Thursday, March 19, 2009
TREADING WATER AGAIN. The only appropriate word right now is 'surreal.' The U.S. Treasury Department is an empty office building, the congress is having an epileptic fit about 0.01 percent of their own multi-trillion-dollar bank heist, and the president -- when he isn't attacking capitalism as a sinister Republican conspiracy -- is making campaign appearances on the Tonight Show and filling out brackets (whatever they are) for the NCAA basketball tournament. March Madness indeed.
Who is it exactly who expects us to believe that the AIG bonuses are the only money that's been wasted in the obscene orgy of government spending the malignantly destructive Obama administration has visited on the American people in the past two months? The congress that had no problem larding up an already grossly prodigal budget with $9 billion worth of special interest earmarks is righteously indignant about $165 million in bonuses they specifically authorized in their own legislation? The greed that's a necessary credential in the parasites who levy taxes is a mortal sin in the private sector that actually creates jobs and wealth. I get it. I can't wait for the federal legislation that bans bonuses and regulates salaries in the rest of corporate America. I guess the good news is that given the breakneck speed of Obama's legislative agenda, that bill will be on his desk in another three weeks.
And what are conservatives doing to stand up for our nation and our way of life? The eggheads are writing careful, measured essays on topics like "epistemological modesty," while the mere politicians whose job it it is to represent our interests are lining up in the same AIG gangbang that makes the Democrats so repulsively hypocritical to watch that even the braindead lib Shepard Smith is outraged about it. As I said. Surreal.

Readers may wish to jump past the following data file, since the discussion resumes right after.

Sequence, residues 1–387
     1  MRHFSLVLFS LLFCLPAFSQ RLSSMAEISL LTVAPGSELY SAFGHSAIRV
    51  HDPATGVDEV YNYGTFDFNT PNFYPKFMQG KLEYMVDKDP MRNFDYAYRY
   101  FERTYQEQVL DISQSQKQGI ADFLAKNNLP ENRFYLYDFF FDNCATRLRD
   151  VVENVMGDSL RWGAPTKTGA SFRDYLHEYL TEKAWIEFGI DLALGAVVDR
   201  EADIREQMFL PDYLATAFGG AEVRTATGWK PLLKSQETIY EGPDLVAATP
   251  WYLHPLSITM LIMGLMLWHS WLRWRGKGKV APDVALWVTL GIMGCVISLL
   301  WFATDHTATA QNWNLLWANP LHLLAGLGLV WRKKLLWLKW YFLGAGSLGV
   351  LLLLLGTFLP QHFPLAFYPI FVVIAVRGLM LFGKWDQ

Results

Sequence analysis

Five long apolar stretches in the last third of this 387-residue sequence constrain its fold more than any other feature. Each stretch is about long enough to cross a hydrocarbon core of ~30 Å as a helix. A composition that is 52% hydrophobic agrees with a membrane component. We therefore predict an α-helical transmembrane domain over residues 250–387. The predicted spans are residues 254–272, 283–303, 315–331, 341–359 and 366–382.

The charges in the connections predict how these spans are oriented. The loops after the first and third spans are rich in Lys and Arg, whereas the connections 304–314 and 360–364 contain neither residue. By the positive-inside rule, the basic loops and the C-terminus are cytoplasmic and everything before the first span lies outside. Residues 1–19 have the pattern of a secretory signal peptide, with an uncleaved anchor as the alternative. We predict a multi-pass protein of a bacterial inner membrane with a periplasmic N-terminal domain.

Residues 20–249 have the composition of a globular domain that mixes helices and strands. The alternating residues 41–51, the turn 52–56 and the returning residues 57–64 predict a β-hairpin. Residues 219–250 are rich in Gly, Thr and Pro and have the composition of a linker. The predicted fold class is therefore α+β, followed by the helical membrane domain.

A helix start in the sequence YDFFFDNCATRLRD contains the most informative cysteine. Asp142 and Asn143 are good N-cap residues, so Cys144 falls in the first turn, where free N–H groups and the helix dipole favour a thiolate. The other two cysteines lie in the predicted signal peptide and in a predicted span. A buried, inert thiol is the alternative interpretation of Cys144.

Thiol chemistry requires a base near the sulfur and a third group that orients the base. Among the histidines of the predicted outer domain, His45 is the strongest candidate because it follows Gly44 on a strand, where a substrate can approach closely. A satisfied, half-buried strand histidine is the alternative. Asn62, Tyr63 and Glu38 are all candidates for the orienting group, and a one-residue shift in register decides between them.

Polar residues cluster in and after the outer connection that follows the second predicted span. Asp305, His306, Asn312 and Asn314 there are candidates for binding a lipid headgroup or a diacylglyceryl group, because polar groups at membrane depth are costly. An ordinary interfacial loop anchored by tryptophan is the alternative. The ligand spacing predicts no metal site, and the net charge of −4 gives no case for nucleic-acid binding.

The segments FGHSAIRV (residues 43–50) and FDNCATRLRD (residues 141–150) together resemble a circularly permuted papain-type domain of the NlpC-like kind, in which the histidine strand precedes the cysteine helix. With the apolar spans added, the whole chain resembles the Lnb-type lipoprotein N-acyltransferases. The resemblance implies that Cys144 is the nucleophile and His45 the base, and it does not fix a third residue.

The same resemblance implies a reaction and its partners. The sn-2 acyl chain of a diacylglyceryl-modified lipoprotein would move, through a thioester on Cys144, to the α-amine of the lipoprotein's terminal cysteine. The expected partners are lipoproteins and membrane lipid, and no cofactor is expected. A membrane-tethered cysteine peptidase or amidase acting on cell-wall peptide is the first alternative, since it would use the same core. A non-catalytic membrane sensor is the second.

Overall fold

Anybody else feel like forgetting March altogether and waitng for this perfect storm of idiocy to exhaust itself before we pay it any more attention? If you like college basketball, you're welcome to that as your consolation. But some of you are just as sick of spinnaker pants as we are of leftwing balloonheads. For them, I have a very modest diversion to offer.
Yes, it is possible to avoid basketball and American Idol and the next Obamessiah press conference. I can offer you what amounts to a secret television series that will soothe you and calm you down. Here you go. Twelve hours of surcease.
Jesse Stone: Stone Cold
Jesse Stone: Death in Paradise
Jesse Stone: Night Passage
Jesse Stone: Sea Change
I'm sure some of you already know about the Jesse Stone movies, but if you don't, take a chance and rent them from Netflix or Blockbuster. I know they're not for every taste and younger viewers in particular may find them somewhat too deliberately paced. But that's what makes them therapeutic at a time when all hell is breaking loose and the pace of our public life is revving up to stark insanity.